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  1. #1
    Join Date
    Dec 2008
    Location
    Omaha, Nebraska USA
    Posts
    44

    Default Witch gas is better for Pulse Mig Mode (steel)

    At LWS the man said that I should use C8 instead of C10 Pulse Mode on steel. All he said it worked better. That is all I could get out of him. I like to know what the diffrence be tween the two gasses are. Other than 2 percent diffrence in Co2. Witch one performs better. On the weld chart it states C10.
    Any help on this question.
    Thank you
    Last edited by Rick C; 11-11-2009 at 08:56 PM.

  2. #2

    Default Gases for pulsed mode

    There are many different gas mixes that can be used for pulsed mode. Assuming that you are welding steel, gases must contain at least 80% Argon to get the wire into the spray mode well.

    You can practice with this without equipment that is too specialized by raising the wire feed speed and voltage (using a gas mix with at least 80% argon). Most of use have gotten used to the short circuit transfer mode and are accustomed to that "frying bacon" sound. As you increase the wire feed speed and voltage you will start to see the arc go from short circuit to spray transfer mode. This threashold depends on wire size, so to test you may want to use a small wire size like .030 or .035. As you get into the spray mode well, the transfer process will go to a directed stream of small molten droplets of metal. That frying bacon sound will go away, and the arc will be very hot with little or no spatter.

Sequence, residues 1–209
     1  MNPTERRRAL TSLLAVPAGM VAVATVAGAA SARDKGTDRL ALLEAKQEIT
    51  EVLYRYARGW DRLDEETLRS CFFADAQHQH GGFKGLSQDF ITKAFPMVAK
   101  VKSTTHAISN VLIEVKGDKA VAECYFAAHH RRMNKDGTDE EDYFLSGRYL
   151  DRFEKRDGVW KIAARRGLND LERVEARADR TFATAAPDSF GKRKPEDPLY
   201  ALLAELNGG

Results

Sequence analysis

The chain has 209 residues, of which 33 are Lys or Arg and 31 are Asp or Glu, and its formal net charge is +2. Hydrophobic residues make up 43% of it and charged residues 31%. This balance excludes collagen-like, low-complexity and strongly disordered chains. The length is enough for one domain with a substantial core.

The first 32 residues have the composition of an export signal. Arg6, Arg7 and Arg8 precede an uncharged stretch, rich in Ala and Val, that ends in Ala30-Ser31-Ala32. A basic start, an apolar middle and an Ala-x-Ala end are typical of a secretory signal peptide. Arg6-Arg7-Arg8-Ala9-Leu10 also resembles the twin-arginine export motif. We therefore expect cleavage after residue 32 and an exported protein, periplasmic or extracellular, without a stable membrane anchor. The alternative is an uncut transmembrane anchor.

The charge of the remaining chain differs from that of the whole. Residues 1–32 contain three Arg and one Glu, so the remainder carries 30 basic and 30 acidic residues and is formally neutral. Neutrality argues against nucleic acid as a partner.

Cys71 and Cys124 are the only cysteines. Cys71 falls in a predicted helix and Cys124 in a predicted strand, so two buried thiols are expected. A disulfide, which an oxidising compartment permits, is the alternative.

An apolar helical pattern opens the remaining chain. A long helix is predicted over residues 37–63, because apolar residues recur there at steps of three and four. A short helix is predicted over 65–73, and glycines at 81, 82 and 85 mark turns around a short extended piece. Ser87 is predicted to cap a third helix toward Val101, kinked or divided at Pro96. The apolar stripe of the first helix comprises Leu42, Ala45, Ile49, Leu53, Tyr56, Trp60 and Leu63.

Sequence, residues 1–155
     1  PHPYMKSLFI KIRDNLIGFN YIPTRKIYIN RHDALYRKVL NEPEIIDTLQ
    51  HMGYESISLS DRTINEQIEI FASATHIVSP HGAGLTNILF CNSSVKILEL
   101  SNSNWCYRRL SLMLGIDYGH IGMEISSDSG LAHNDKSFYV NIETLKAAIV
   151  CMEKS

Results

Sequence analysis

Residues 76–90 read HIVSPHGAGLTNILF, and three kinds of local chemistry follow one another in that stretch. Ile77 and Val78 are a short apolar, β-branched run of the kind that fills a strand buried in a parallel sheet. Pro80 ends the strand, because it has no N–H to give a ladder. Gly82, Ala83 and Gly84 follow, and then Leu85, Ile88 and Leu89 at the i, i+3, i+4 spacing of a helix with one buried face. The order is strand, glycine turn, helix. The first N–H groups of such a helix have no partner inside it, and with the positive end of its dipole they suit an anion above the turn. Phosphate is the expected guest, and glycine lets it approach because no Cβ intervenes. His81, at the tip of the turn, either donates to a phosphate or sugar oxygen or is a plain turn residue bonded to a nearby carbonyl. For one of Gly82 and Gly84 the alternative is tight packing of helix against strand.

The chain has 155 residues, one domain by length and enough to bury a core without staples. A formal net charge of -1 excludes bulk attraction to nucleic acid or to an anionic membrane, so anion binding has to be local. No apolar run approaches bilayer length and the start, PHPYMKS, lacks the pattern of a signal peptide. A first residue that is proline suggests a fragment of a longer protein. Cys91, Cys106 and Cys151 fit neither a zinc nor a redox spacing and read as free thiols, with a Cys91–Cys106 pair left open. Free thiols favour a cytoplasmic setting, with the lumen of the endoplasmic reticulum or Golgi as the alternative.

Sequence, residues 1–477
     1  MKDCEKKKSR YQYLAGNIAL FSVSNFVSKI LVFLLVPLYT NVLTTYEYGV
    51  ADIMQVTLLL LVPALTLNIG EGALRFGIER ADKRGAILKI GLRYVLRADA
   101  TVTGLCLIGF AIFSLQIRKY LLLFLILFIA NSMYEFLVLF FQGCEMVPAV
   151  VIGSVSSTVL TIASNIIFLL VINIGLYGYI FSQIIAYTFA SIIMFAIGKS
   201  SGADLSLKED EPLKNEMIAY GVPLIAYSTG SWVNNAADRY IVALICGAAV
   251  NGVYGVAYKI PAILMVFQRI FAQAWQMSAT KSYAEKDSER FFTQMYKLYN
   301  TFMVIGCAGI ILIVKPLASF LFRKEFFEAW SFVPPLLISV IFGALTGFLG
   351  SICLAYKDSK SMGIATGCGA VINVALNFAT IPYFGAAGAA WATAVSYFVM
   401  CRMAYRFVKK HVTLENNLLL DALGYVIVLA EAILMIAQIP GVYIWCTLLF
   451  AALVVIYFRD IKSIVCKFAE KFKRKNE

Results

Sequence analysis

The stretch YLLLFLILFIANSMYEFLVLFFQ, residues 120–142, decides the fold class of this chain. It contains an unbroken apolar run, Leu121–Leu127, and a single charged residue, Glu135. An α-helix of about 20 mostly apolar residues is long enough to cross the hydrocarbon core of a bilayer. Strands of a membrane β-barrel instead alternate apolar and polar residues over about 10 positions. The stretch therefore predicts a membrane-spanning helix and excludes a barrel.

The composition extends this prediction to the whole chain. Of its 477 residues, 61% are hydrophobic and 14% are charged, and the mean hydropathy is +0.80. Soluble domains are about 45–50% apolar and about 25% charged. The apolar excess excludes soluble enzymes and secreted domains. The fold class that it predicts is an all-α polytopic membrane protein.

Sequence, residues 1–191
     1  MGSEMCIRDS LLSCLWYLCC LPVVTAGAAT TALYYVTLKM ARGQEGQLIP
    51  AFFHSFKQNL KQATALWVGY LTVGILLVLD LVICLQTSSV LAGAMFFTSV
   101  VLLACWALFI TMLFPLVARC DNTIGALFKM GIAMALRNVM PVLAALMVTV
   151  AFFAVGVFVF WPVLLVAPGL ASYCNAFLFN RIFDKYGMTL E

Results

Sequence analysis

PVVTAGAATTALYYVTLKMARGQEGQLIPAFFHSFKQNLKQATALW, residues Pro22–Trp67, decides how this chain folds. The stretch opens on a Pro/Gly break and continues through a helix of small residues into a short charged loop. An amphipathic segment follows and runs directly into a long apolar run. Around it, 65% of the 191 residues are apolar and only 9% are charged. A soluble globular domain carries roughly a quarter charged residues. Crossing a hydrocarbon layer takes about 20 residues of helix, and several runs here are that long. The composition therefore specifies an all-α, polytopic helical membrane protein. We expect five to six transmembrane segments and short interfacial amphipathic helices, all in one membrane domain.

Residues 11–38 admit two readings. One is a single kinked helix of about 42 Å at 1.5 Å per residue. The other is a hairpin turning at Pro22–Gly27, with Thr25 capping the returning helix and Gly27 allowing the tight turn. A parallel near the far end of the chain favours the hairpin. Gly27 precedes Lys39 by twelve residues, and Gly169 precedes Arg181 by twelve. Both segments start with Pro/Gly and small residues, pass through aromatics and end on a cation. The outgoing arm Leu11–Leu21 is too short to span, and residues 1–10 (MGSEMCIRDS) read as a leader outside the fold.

You can test different gases using this method to see what runs the best if you have time. The best gas for spray welding will also work well for pulsed spray welding.

    I would recommend that you try some argon CO2 mixes like 92% argon /8 CO2 and maybe some argon oxygen mixes to see what is best. 98% argon 2% oxygen is a good mix that would work well too.

    Keep in mind that the pulsed spray process is designed to give more controllability to the spray process. The spray process will give very deep penetration and very fast travel speed, but it only works well for flat or horizontal fillet welds (standard tee joints). The pulsed spray process pulses from short circuit to spray so that you tune in the process for specific applications.

    Maybe this will help.

  3. #3
    Join Date
    Nov 2009
    Location
    Wooster, OH
    Posts
    18

    Default

    It would be very difficult to notice a difference between the two. CO2 is cheaper than Argon, so the more Argon you get the more you pay. If all you are doing is short arc (frying bacon sound) then use 75/25 mix, it will be easier on your wallet.

    Some distributors carry 90-10 mixes and some carry 92-8, maybe someone that is in the gas business will answer. Hopefully it's a legitiment reason other than they can charge 2% more for the extra Argon in it.

  4. #4
    Join Date
    Dec 2007
    Location
    southern California
    Posts
    1,783

    Default

    Which machine are you referring to?

    The Millermatic 350P's pulse program is designed to work best on 90/10 for mild steel with solid wire. Miller tech support told me that when they tested the 350P, that is the gas it worked best on. They said they're second choice is 95/5.

    If you're talking about the Optima pulser, it is designed to run on 95/5 for mild steel with solid wire.

    I believe the Invision and XMT 350 MPa machines are also designed to run on 95/5 for mild steel with solid wire, but you would have to check the manuals to be sure.
    Millermatic350P/Python, MillermaticReach/Q300
    Millermatic175
    MillermaticPassport/Q300
    HTP MIG200
    PowCon 300SM, MK Cobramatic
    ThermalArc 185ACDC, Dynaflux Tig'r, CK-20
    DialarcHF, Radiator-1
    Hypertherm PowerMax 380
    Purox oxy/ace
    Jackson EQC
    -F350 CrewCab 4x4
    -LoadNGo utility bed
    -Bobcat 250NT
    -PassportPlus/Q300
    -XMT304/Optima/Spoolmatic15A
    -Suitcase8RC/Q400
    -Suitcase12RC/Q300